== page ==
Keeping track of global cargo
There are around 17 million shipping containers in use today – and everyone looks the same. Logistics professionals rely on battery-powered smart technology to locate them as they travel the world’s oceans.
Anyone who has ever played the video game Tetris has some idea of what it was like to work as a docker before the mid-1950s. Loading and unloading cargo was a challenge to find the most efficient way to pack together boxes of assorted sizes. In 1956, Malcolm McLean, a transport entrepreneur, realized that it would be an advantage if containers were of a uniform shape and size, and developed what is known today as the “intermodal shipping container”.
These are the steel boxes that you might have seen stacked in shipping yards or packed onto a container ship. Their common size makes them easier to store in either situation, as well as fitting onto a semi-trailer or train to be transported by land.
The effect on the shipping industry was transformative. In 1965, according to the World Trade Organization, a single dock worker could move 1.7 tons of cargo per hour. By 1970, that had increased to 30 tons. Container ships got much, much bigger and so did ports – and all the while, the shipping trade boomed. There were other bonuses: they were more secure, for a start, limiting theft and damage; and many of them found a novel second life in trendy architecture projects in cities worldwide.
There are 17 million shipping containers in use today, and the world’s largest container ship, the MSC Oscar, can carry more than 19,000 at once. The average container ship travels more than 500,000 km per year.
These metal boxes have long been praised as one of the 20th century’s greatest innovations, and in recent years – thanks to the Internet of Things – they have become smart. By means of sensors, owners of the boxes can track where they are and what is happening to them.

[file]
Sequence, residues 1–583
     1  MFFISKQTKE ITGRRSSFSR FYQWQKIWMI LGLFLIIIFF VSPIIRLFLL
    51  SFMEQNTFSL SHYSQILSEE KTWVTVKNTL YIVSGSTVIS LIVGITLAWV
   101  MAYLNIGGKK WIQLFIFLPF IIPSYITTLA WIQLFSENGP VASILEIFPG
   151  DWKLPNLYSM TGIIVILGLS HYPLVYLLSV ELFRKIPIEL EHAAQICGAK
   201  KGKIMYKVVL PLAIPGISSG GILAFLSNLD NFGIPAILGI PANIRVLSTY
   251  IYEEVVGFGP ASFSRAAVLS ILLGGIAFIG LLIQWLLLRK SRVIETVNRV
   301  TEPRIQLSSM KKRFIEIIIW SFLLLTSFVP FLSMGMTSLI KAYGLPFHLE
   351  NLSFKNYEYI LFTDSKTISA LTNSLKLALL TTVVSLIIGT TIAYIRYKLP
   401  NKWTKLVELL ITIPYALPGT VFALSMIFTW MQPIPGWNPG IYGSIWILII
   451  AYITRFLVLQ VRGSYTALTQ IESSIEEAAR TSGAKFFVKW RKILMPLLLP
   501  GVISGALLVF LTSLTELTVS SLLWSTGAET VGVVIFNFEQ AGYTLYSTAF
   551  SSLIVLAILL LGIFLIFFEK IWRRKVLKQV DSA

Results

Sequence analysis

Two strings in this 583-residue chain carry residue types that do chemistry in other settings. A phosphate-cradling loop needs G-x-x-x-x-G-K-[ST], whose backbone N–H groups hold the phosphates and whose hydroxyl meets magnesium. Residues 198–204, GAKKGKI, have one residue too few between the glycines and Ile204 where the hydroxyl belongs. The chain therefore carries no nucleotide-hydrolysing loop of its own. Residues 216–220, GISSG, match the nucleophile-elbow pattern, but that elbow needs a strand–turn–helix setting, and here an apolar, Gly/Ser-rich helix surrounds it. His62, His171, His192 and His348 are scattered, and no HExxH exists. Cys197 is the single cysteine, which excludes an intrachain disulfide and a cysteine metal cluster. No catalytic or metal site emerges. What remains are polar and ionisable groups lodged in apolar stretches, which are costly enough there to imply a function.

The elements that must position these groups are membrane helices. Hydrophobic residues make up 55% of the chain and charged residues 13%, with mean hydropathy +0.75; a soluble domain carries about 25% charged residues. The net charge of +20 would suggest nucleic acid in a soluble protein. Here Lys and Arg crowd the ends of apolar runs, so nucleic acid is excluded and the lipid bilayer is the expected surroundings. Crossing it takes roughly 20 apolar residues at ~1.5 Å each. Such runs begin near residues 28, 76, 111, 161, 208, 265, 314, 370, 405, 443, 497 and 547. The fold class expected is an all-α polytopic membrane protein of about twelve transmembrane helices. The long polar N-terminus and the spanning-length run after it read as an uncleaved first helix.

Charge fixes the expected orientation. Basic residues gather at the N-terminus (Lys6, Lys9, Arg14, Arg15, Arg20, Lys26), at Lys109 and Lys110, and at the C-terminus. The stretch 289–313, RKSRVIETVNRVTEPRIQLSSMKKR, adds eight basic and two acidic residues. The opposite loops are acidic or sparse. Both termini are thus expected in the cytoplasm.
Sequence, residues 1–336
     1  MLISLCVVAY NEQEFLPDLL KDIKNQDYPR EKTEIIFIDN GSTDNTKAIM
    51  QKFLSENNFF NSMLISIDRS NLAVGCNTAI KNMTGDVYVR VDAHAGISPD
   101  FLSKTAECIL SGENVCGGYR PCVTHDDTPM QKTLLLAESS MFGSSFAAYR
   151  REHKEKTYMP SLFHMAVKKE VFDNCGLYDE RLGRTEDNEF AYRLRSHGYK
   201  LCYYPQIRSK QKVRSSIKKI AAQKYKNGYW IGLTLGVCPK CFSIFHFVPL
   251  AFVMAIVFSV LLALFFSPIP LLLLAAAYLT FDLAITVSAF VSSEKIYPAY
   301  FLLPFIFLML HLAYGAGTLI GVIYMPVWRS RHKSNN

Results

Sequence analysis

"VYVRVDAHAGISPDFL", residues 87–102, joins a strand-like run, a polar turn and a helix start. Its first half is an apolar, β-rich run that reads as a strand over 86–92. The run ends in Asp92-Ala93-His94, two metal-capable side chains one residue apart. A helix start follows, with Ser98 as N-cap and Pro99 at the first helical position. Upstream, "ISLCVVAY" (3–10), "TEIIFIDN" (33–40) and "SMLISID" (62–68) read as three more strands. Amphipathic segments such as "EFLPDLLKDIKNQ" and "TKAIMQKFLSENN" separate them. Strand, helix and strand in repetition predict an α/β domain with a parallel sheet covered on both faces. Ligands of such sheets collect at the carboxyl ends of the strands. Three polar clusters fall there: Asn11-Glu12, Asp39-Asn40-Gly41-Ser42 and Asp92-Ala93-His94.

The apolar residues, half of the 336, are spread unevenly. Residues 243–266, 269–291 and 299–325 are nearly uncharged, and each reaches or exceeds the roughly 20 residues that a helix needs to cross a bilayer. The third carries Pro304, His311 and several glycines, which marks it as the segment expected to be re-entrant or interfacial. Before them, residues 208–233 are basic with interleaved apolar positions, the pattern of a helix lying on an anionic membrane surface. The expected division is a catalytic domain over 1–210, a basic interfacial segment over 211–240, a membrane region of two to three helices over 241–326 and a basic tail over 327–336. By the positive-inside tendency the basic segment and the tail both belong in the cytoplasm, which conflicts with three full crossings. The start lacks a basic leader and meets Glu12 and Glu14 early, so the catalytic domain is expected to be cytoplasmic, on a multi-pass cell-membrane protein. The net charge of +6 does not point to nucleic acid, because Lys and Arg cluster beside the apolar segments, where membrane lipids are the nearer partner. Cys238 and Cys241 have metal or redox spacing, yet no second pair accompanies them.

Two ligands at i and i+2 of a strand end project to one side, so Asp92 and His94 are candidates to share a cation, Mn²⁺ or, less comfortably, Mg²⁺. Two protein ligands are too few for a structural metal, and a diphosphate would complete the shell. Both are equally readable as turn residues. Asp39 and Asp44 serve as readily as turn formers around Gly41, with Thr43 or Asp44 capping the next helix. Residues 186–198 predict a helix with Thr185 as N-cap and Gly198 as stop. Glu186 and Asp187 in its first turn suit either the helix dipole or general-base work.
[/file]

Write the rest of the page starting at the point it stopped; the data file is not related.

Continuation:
Simply knowing where each container is helps shipping firms to optimize the supply chain. A company might have a theoretical timescale for how long it takes a product to go from, say, Hong Kong to the Netherlands, but tracking that information in practice might show that it takes longer.
Having a sensor in a container also helps to prevent it getting lost. One downside of having tens of thousands of identical boxes traveling around the world is that, occasionally, they get put in the wrong place. Tracking devices help reduce the delays caused when this happens.
However, sensors can give more information than just where the container is. Depending on the customer’s needs, they can track temperature, vibration, light and various other conditions. This data can be useful for several reasons: temperature is important if the contents of a container could be damaged by excess heat or cold. In some situations, it might be possible to fix the conditions before any damage is done; in others, it might be a case of providing evidence for an insurance claim.
Activity picked up by vibration or light sensors, meanwhile, could be a sign that the container has been opened, which might indicate a theft or attempted theft. Again, it won’t always be possible to act in time to remedy such a situation, but multiple signs of containers being opened in a particular location could build a case for an investigation.
Overall, we know much more now about what is happening to shipping containers during their journey, but these sensors are only able to provide information because of the batteries that power them.
The batteries Saft supplies for these sensors are mostly primary (non-rechargeable) lithium batteries. Some container sensors, such as those used on German freight trains, do have rechargeable batteries because power is easily accessible. On ships that isn’t the case, so long-life primary batteries are used instead.
It’s vital that these batteries can work in all conditions; it can get very hot inside a steel shipping container, and the battery needs to power the sensor regardless. The same applies when the temperature plummets, as it does on some of the seas that cargo ships traverse. Since the containers are designed to be used all over the world, the battery must be able to function in the full range of conditions.
Usually, the sensor relays its signals using the cellular network. However, in the middle of the ocean the cellular network is out of range so if the sensor needs to transmit then the only option is to send a signal to a satellite. Doing so requires a lot of power and having the right battery for the job is imperative.
Global trade continues to expand, and thanks to its new smart capabilities, the shipping container is likely to play as important a role in this century as it did in the last.
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